Ego quos amo, arguo, et castigo. Æmulare ergo, et pœnitentiam age.
Friday, June 30, 2006
It's the World Cup and so time for another tedious boat of anti-English racism in Scotland. Tedious if your not one of those who actually gets beaten up for being English. I remember I invited a priest up to give a talk here in Aberdeen a few years ago and he was walking to his train across the concourse (not in clericals) when a complete stranger shouted at him "when you’ve finished your degree f**k off back to England". My sister was a barmaid here for a couple of years and had people asking to be served by someone else because she was English. I remember listening to a sustained diatribe from her flatmate during a meal in a restaurant for my sister's birthday about how much she f***ing hates the f***ing English but not to worry "because I don’t think of you as English". The chap I share my office with uses the phrase 'f***ing English' as a kind of ejaculatory prayer as he broods over the Scottish Wars of Independence. I sat next to woman on the train the other day who had spent nearly two decades in Perth where her husband works and where she had raised her children. She was determined to return to England as soon as her husband retired because she couldn't stand the constant abuse. These are merely a cross section of instances. The English (those who have not been embittered by the experience of living in Scotland) have nothing against the Scots at all. They support whichever of the home nations are in any international competition unless they are playing England. Many Irish people of my acquaintance take the same approach. Most Scots not only don't support England they support anyone who is playing against England. The only possible reason for this is an irrational hatred of the English. This position of mindless hatred is endorsed by the brain-dead First Minister. Scotland has no legitimate grievances against the English. The Scots King inherited the English throne not the other way round. It is Scotland not England that ensured the triumph of Protestantism in Britain. The deposition of the Stuarts is a result of that calamity and nothing else. The Scots made a fortune out of the Empire. The Wars of Independence were an absurdly long time ago and the Scots won.
In our office we listen (or rather, have on in the background, not really listening, and thereby probably undermining our appreciation of music and defiling the Western musical tradition, but hey...) to the Early Music Show (nice music) and Through The Night (six hours without much commentary, and a low Schoenberg quotient). Last night's Through The Night had a lovely Renaissance-style Mass by one Gorzcycki, who sounds like rather an interesting Baroque composer. And look, there's a whole website about Polish early music! With some free sheet music. I love the internet. (But my thesis doesn't.)
First, Christ is the true Actor in the sacred action of Mass. Second, we able enabled to participate in the mysteries because of our baptismal character. Third, as participants in Christ’s Priesthood (albeit in different qualities), we can raise our sacrifices (in our different ways) to the Father. So, Christ is acting in us when we act at Mass. We are “in action” first and foremost through reception of what Christ gives, and then also, in what we offer.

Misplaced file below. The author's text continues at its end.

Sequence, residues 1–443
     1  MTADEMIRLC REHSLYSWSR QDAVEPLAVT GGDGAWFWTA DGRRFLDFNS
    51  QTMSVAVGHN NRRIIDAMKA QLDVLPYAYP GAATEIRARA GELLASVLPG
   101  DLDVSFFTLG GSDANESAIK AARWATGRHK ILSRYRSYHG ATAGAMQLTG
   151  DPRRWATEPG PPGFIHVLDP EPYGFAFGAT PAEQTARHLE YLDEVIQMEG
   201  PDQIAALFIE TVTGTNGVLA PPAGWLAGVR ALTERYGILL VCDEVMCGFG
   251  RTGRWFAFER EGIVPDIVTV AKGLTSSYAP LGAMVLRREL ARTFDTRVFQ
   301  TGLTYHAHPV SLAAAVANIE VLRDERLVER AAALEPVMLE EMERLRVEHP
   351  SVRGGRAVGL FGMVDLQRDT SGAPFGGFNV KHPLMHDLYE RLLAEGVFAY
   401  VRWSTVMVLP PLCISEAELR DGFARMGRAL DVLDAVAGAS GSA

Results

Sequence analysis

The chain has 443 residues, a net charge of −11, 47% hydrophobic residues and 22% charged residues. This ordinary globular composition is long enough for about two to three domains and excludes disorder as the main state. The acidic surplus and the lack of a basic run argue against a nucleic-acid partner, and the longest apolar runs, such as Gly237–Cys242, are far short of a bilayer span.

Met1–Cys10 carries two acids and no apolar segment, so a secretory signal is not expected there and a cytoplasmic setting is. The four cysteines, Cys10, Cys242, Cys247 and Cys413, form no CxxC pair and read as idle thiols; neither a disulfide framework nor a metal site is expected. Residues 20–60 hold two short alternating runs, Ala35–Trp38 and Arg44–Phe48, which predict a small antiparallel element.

Incidentally, the '62 collect on Sunday was beautiful, wasn't it? Protéctor in te sperántium, Deus, sine quo nihil est validum, nihil sanctum ; multíplica super nos misericórdiam tuam ; ut, te rectore, te duce, sic transeámus per bona temporalia, ut non amittámus ætérna. Per Dóminum... O God, the protector of all who hope in Thee, without Whom nothing is worthy [?], nothing is holy : multiply Thy mercy upon us, that, with Thee as ruler and leader, we may so pass through temporal good that we do not forfeit the eternal. Through... - in my clunkingly literal translation (not so beautiful). What on earth is the best translation of 'validum'? 'Without Whom nothing works' is sort of what I feel it means, but that sounds a bit rubbish. Breviary.net has 'strong' (yes, I know, not supporting SSPX ect ect), which is one of the meanings in Lewis & Short. Hmm.
File under 'mediocrity', number... oh I've lost count
Corpus Christi. Possibly the easiest feast in the year for congregational music purposes - a whole Office-worth of Thomas's hymns, plus other goodies like 'Let All Mortal Flesh Keep Silence.' However, going to Mass in a certain city north of Tay on Sunday demonstrated how not to do things, unfortunately: viz, set Pange Lingua (in English) to a.n. other hymn tune (I mean, fine, it fitted, but why pass up the chance to sing such a lovely chant?); wishy-washy modern offertory and Communion hymns; jolly but random final hymn; and please note that if your tenor has the odd cracked high note, don't choose a responsorial Psalm that shows it up; similarly, if the priest has trouble coming in on pitch with the organ, why not let him intone things unaccompanied, or get someone else to intone the Kyrie?
Sigh. I'm not saying everyone has to sing plainsong propers. But it wouldn't take much to make basic stuff... less bad...
Rant over! And I'm putting it in small letters because ranting isn't really the point. And dodgy hymns don't make the Body and Blood of the Lord any less wonderful. Obviously.
More very small people likely to be condemned to death
Why do reporters generally fail to point out that screening - whether pre- or post-implantation - doesn't actually prevent children having diseases; it just gets them killed quicker.
The Telegraph has a rather inconsistent approach to this whole business. Compare this sympathetic report from a few weeks ago on mothers who do not abort their Downs Syndrome babies, and its associated editorial, which is admittedly a cop-out on the philosophical consistency front, but is a lot closer to a perception of reality than anything you'd find in other broadsheets.